Not as good as I expected, altough I can't say I didn't like it. Beside the real fights or in this case boxing games there were a bit too much unnecessary emotinal, verbal and actual physical roughness by the main character Jake La Motta, whose self-destructive and obsessive rage, sexual jealousy, and animalistic appetite basically destroyed his life and relatonship. De Niro shows us some skills in a really great sports film, his performance is quite impressive in every way, but still La Motta was too harsh for me.
EPIC BLU RAY GAUNTLET CHALLENGE, #39
So. "Raging Bull."
I haven't exactly seen all the movies in the world (not by a long shot), but I'm fairly certain I can declare Martin Scorsese's "Raging Bull" as the most sexual movie about boxing ever made. In fact, for a movie considered the quintessential movie about boxing (alongside "Rocky," obviously), you'd be surprised how very little boxing is actually shown onscreen (though the fantastically orchestrated scenes in the ring memorably punctuate the events). It's also undeniably a masterpiece, considered by some to be the finest film of Scorsese's long and consistently impressive career. Robert De Niro stars as Jake La Motta, a middleweight boxer from the Bronx whose turbulent emotional behavior and…
I don't think this is a great film, it's just not for me. I love sharp dialogue, high energy, engrossing characters, plot twists and occasional humour. Raging Bull has none of these things. I don't really see why people rate it so highly, it's character study of a brainless brute. It goes without saying that Jake LaMotta (Robert De Niro) isn't likeable or sympathetic but beyond that he's just so unresisting, he's just a guy if you knew in real life you'd just want stay well away from. De Niro is excellent as is Pesci and Cathy Moriarty but there are just De Niro's punch bags. I did find it an interesting film maybe not always entertaining but for a boxing film it's not a sports film at all. I guess it's more of a study of self destruction, which unlike LaMotta, is something I can relate to.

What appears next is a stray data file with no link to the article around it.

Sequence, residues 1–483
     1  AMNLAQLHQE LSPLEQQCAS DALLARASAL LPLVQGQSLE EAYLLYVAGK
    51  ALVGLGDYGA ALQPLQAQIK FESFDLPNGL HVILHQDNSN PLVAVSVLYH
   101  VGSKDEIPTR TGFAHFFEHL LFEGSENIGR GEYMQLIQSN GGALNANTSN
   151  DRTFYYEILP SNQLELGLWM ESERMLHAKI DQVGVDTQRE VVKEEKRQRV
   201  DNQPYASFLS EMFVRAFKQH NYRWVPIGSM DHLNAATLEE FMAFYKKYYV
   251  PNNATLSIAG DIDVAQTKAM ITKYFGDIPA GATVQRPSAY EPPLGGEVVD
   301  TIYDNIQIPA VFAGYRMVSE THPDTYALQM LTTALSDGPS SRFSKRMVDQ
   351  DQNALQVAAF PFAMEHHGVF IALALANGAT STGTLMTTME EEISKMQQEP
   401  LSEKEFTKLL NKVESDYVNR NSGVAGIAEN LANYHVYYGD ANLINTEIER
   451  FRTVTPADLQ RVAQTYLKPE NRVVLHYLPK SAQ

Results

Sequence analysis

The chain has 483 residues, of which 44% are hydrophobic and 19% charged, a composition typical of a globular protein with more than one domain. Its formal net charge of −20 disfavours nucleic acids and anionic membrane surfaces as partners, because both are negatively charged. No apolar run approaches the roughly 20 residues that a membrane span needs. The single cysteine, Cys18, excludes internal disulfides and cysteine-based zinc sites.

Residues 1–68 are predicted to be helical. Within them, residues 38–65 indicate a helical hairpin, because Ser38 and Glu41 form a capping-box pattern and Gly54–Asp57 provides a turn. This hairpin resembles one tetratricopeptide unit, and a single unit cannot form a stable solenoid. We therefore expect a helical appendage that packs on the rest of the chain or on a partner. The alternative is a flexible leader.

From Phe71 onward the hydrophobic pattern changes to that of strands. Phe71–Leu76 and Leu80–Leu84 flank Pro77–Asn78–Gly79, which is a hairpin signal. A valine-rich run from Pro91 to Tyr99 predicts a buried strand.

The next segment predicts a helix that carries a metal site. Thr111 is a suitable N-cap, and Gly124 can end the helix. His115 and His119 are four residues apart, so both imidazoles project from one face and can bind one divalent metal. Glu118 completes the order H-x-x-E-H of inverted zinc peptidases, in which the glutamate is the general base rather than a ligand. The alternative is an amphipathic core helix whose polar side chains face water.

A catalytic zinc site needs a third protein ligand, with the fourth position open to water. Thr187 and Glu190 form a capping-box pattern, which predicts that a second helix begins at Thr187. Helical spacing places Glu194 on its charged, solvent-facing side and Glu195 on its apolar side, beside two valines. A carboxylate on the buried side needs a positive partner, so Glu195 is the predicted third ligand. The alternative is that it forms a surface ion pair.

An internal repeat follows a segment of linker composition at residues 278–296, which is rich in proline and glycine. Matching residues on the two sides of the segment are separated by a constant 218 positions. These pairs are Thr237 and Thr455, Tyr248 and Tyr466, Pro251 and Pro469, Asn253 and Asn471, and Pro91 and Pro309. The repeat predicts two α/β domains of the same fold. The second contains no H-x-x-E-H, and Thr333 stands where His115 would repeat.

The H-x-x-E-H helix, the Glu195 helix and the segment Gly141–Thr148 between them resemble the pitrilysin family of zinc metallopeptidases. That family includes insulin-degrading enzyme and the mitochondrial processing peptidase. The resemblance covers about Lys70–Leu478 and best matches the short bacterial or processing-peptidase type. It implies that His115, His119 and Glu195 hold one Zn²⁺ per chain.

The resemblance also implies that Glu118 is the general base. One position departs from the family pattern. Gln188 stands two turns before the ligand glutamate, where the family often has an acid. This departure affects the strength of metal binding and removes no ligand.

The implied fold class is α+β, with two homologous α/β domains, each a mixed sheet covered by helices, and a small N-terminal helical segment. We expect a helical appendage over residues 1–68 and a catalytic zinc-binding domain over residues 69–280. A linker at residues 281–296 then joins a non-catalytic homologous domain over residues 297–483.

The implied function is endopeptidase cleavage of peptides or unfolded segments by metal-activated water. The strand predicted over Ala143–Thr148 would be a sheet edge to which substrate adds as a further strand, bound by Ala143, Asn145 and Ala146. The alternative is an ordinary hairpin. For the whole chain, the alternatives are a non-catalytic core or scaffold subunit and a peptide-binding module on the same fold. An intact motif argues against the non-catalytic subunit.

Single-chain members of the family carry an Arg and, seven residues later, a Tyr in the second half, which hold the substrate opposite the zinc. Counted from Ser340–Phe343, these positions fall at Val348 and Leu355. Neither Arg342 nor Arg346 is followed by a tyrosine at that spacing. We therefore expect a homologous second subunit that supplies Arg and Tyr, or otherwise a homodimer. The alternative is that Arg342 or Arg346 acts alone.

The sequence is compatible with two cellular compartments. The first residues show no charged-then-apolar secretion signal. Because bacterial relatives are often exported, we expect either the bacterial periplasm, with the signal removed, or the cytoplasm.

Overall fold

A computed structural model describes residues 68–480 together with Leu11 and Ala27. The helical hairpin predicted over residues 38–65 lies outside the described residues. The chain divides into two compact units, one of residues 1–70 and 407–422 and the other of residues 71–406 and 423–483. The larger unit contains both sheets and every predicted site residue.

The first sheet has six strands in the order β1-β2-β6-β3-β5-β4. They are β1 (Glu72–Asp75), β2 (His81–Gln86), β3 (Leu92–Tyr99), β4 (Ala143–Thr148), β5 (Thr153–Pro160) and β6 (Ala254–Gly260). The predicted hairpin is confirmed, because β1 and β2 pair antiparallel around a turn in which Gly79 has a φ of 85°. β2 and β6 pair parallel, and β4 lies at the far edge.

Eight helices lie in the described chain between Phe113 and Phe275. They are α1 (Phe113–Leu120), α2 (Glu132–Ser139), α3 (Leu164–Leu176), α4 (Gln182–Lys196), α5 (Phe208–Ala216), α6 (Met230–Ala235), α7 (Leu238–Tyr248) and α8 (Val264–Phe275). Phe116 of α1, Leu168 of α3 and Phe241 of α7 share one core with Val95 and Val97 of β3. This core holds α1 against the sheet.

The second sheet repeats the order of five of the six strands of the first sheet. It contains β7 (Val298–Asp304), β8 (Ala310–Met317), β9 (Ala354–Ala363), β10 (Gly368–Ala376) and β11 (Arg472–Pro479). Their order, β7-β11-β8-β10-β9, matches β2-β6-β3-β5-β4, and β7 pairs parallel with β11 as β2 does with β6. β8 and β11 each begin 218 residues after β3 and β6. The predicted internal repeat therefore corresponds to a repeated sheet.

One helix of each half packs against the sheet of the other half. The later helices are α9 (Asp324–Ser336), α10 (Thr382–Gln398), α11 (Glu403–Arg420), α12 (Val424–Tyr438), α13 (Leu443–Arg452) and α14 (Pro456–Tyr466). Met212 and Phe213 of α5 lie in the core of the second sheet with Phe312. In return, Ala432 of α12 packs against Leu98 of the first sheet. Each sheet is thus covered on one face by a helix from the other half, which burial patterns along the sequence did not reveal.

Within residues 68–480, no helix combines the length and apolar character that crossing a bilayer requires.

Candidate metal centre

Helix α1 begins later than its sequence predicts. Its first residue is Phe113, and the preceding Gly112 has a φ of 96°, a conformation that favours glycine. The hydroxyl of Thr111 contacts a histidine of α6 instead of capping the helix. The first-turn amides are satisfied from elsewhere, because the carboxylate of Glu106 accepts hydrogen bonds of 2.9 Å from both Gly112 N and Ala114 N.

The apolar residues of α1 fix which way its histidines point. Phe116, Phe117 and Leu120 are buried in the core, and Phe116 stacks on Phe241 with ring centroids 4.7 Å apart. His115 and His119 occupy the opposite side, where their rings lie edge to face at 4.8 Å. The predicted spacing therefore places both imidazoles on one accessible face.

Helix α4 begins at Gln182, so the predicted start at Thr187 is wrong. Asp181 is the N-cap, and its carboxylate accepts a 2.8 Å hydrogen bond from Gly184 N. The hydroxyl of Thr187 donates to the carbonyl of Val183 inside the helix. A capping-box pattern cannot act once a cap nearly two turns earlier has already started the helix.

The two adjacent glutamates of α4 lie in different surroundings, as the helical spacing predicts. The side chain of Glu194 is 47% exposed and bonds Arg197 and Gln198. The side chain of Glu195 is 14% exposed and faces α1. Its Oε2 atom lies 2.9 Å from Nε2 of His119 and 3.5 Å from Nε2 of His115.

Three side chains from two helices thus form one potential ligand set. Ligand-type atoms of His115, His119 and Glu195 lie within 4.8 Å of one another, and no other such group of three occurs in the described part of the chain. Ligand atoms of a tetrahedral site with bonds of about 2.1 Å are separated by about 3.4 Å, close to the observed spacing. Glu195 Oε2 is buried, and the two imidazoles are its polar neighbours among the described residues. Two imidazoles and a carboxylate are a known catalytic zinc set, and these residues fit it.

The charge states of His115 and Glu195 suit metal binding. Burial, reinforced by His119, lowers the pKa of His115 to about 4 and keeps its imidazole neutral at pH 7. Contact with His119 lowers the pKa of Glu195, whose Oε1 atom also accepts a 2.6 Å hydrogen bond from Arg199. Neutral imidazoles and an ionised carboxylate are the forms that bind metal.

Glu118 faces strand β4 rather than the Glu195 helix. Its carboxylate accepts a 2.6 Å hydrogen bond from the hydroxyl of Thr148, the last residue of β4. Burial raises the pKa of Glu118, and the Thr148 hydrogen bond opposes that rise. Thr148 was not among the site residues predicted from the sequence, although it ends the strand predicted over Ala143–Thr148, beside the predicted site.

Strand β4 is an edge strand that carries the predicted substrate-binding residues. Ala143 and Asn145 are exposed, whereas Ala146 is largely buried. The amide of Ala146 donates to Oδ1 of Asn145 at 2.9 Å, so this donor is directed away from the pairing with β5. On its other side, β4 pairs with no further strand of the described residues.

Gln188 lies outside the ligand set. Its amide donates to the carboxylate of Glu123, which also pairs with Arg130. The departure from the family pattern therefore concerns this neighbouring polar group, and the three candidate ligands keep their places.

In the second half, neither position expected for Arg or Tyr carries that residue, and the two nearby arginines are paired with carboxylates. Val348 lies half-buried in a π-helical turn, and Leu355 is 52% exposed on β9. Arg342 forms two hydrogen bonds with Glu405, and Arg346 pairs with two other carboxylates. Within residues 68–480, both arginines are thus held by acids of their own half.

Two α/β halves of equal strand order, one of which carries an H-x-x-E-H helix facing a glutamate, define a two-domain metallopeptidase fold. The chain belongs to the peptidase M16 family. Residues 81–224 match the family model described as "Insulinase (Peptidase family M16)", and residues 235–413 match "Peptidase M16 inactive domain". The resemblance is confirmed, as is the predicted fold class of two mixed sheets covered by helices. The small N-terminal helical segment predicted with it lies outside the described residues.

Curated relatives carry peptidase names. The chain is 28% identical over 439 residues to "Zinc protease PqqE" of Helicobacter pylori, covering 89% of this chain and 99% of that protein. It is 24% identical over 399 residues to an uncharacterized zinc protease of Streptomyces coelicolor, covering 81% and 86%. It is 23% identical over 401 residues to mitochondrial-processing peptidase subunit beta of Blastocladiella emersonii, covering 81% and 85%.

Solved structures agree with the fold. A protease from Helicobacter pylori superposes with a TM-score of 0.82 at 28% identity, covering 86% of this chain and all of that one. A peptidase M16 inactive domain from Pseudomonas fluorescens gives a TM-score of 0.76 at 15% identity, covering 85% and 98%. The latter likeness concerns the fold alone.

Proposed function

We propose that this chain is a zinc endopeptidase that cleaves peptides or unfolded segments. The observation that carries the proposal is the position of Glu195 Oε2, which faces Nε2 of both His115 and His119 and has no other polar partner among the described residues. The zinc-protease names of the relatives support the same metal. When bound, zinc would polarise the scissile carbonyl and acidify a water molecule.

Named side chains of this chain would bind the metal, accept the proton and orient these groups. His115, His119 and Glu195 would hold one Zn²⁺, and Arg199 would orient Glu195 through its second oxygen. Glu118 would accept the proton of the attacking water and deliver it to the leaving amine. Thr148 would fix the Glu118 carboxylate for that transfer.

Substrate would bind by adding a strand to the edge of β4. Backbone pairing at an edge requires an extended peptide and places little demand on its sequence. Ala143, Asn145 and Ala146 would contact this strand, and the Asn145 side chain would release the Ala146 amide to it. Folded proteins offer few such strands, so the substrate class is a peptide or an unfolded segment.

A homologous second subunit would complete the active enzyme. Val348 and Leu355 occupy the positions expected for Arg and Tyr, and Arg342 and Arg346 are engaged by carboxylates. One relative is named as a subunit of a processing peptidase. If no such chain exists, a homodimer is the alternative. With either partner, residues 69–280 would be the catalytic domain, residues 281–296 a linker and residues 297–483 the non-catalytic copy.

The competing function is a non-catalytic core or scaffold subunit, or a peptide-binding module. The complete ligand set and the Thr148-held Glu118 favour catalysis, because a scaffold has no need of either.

"All I know is this: once I was blind and now I can see."
My favorite Scorsese film and one of my favorite films of all time. Robert De Niro delivers a powerhouse of a performance, in a complex and commanding film, that's one of the best character studies ever put on film.
What is there to say about this film that has not been said already? This film is directed and written to perfection. This felt like a 2 hour examination of violence and family issues pulled straight out of the real world. Raging Bull is more than a film. It's real life put on screen.
Jesus Christ who fucking cares? 2 hours of characters I hated just doing life y'know.
From the films opening scene along with the iconic score by Pietro Mascagni to the films final moments with LaMotta reenacting Marlon Brando's monologue from On The Waterfront, Scorsese brings us a two hour feature following the journey of a boxer's self-destructive nature that was just as violent outside the ring as it was in it. Watching the brutality of the fights and Jake acting out against his family and friends can be a rather disheartening and exhausting experience so it comes to no surprise that Raging Bull isn't exactly for everyone. Robert De Niro gives an amazing performance which earned him an Oscar, completely transforming into LaMotta, hating on everyone around him including himself and is especially engaging as…
Every film that has ever been nominated for an Academy Award in any category. Enjoy!